Conrad Black counters claim he was not model inmate

Conrad Black is contesting the testimony of two prison workers who suggested that Black wasn't the model inmate his defence lawyers have claimed.
Conrad Black leaves a federal court building in Chicago on July 23, 2010, after his bail hearing. ((Ryan Remiorz/Canadian Press))

Conrad Black on Monday contested the testimony of two prison workers who suggested that  Black wasn't the model inmate his defence lawyers have claimed.

The prison workers' testimony is included in documents filed in advance of Black's resentencing hearing on June 24.

In one document, a unit manager at the Coleman prison complex in Florida said the former media baron demanded special treatment and gathered an entourage of inmates who acted like servants for him.

"Those inmates cooked for Black, cleaned for him, mopped his floor, ironed his clothes, and other similar tasks," Tammy Padgett said. "That is not at all frequent at Coleman."

In the document, Padgett quoted Black's assigned case manager as saying that Black had demanded to be called Lord Black the day he was released on bond last summer, awaiting the outcome of an appeal.

"Black told [her] words to the effect of 'I believe I should be addressed as Lord Black from this point forward,'" Padgett said.

In another filing, Carrie De La Garza, an education specialist who supervised Black as a tutor, claimed he was haughty and uninterested in those duties.

"He projected the attitude that he was better than others in the class, both faculty and students," she said in sworn testimony. "A lot of the inmates looked up to him, and there were some who saluted him each day in class."

De La Garza claimed Black was frequently late and often read or worked on writing what appeared to be a book while he was supposed to be teaching.

"In addition, Black elected to take a piano class, which caused him to miss parts of the GED [general educational development] classes," she said. "Of the three tutors assigned to my class during the time Black was an inmate at Coleman, Black put in the fewest hours."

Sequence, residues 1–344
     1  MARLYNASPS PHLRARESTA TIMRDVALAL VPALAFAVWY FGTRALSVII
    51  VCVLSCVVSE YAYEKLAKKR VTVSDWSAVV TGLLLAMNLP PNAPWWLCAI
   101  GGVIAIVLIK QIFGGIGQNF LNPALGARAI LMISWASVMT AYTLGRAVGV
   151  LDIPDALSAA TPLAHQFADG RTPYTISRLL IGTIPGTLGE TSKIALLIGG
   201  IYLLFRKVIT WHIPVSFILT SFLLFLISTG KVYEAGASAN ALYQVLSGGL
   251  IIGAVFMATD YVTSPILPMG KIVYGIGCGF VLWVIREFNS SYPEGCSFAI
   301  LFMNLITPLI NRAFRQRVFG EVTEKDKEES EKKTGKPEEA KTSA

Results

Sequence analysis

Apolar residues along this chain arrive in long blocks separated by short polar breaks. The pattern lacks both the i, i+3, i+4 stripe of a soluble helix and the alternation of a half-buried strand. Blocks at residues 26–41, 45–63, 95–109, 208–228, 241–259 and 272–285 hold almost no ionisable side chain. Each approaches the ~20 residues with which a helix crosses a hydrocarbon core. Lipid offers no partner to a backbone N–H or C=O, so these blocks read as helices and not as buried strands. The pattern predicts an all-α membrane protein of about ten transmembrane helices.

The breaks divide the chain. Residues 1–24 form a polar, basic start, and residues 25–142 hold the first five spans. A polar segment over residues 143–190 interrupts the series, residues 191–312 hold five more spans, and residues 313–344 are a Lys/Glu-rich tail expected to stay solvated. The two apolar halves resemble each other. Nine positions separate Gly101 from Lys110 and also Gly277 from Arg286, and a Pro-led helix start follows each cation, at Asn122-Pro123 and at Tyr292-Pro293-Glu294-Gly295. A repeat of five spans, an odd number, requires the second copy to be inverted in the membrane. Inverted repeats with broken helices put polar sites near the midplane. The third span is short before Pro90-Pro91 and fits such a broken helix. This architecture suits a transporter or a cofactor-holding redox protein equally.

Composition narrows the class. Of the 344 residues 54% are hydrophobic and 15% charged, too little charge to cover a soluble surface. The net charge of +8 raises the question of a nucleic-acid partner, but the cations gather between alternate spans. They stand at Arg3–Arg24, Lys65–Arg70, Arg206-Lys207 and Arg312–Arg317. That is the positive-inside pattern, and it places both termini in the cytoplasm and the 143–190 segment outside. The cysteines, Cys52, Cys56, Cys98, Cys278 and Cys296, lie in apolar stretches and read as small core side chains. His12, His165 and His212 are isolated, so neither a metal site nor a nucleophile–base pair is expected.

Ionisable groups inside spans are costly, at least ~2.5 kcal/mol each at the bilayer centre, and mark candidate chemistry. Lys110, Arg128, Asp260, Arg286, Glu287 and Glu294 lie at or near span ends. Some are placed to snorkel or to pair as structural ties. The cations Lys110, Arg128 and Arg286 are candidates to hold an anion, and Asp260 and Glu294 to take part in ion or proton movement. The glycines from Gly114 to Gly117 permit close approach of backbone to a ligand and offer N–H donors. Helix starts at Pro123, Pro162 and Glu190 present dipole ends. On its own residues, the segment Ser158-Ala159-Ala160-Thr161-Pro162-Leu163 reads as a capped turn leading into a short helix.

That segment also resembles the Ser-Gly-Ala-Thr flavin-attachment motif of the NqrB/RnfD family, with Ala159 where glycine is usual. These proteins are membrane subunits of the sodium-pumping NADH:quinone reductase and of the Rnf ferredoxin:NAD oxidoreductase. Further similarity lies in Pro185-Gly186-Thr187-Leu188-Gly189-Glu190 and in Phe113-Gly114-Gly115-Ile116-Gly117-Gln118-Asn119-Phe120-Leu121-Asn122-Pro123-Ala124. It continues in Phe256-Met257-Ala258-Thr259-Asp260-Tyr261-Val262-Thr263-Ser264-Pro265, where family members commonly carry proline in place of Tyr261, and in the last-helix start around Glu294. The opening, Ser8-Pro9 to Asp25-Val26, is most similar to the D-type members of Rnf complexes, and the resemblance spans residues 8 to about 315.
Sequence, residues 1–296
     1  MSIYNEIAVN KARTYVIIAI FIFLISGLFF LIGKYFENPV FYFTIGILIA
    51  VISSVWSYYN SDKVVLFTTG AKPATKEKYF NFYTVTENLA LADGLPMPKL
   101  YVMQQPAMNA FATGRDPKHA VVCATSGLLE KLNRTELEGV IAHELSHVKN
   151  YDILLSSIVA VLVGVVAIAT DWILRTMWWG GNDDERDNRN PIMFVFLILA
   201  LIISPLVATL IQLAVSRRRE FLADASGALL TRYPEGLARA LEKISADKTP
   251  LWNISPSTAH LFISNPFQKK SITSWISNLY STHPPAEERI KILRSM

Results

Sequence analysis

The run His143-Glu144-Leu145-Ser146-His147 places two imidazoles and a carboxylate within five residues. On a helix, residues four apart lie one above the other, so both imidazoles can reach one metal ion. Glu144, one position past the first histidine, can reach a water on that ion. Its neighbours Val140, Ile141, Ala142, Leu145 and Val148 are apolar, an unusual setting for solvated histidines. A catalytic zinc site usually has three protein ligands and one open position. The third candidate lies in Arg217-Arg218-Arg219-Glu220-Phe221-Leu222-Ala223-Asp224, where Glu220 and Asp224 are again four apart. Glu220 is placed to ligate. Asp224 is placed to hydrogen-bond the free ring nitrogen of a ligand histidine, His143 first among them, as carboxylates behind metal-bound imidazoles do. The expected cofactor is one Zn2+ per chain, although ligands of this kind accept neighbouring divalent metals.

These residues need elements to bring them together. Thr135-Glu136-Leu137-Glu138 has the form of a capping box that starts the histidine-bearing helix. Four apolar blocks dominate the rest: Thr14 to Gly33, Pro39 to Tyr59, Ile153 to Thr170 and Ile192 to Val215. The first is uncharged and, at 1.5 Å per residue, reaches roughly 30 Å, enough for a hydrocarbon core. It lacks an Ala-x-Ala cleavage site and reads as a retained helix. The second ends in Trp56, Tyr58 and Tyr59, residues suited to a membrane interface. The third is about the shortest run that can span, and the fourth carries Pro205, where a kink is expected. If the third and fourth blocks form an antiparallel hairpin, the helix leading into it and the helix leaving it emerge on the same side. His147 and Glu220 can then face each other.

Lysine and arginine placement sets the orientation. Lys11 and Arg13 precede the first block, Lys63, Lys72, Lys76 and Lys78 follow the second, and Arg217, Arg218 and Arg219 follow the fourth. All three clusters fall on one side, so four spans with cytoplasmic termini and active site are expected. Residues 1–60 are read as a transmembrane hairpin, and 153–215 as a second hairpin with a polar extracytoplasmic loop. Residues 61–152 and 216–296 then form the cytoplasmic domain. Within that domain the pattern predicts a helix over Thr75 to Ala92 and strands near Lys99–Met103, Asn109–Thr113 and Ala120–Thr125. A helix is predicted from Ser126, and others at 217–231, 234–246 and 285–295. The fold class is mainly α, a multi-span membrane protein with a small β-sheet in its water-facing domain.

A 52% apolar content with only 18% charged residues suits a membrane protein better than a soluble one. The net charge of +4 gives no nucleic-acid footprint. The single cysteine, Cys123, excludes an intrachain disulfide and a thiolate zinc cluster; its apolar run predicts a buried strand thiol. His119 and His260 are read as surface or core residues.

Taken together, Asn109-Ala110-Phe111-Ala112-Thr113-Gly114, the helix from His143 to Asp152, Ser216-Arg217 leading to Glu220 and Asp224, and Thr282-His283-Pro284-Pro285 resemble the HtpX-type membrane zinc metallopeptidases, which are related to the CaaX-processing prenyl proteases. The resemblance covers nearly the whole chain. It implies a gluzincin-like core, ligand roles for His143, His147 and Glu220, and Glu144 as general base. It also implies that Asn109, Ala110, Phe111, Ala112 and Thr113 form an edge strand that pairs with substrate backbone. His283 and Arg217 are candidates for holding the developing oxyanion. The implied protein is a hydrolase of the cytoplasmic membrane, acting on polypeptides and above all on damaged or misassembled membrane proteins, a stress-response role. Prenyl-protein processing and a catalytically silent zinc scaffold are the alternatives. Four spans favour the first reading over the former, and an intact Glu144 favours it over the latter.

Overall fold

But Black said the testimony is at odds with evidence from other sources provided to the Probation Office and "will be rebutted at the appropriate time by appropriate people."

"They are indicative of the deterioration of the government's case," he said in an email to The Canadian Press.

The filings will be considered by Judge Amy St. Eve, who presided over Black's original trial in 2007, when she hears arguments on whether Black should return to jail on two remaining convictions.

Defence calls Black's efforts 'extraordinary'

Black's defence team has claimed in its filings that his contributions to the community "were nothing short of extraordinary."

"Few indeed could take credit for guiding more than 100 GED candidates to graduation, and Mr. Black's work with his colleagues to more than double the number of graduates (including several who had been written off as hopeless causes) is truly commendable when one considers the very difficult circumstances he faced," the defence filing said.

De La Garza countered with figures suggesting there had been no increase in the graduation rate of the prison's students. Rather, she said, there had been a decline to 81 in 2010 from 87 in 2007.

Black's lawyer, Miguel Estrada, earlier filed documents in advance of Black's resentencing that tout his contributions to the community during his 2½ years at Coleman, and his continuing support of those students since his release last summer.

"Mr. Black stared into the darkest and most devastating period of his life and found the power to improve the lives and opportunities of those whom he encountered," the filing said.

"He did so quietly, humbly, and with no effort to draw attention or praise to his accomplishments."

Black, who had been serving a 6½-year sentence in the U.S. federal prison, has been freed since last summer after the U.S. Supreme Court curtailed the "honest services" laws used to convict Black of defrauding Hollinger International investors.

An appeals court subsequently reversed two convictions, but upheld two others  — on fraud and obstruction of justice. He is scheduled to be resentenced on those charges June 24.

The Supreme Court rejected an appeal of those convictions last week, meaning Black won't be cleared of the charges but could remain free if the judge decides to allow him time served on the counts.

The U.S. attorney believes Black's original sentence of 6½ years should be reimposed.

Black's empire once included the Chicago Sun-Times, the Daily Telegraph of London and smaller papers across the United States and Canada.

The Canadian-born businessman was freed on bail from a Florida prison last year while he appealed his conviction for defrauding investors. He had served 29 months of a 78-month sentence for the original four convictions.

With files from The Canadian Press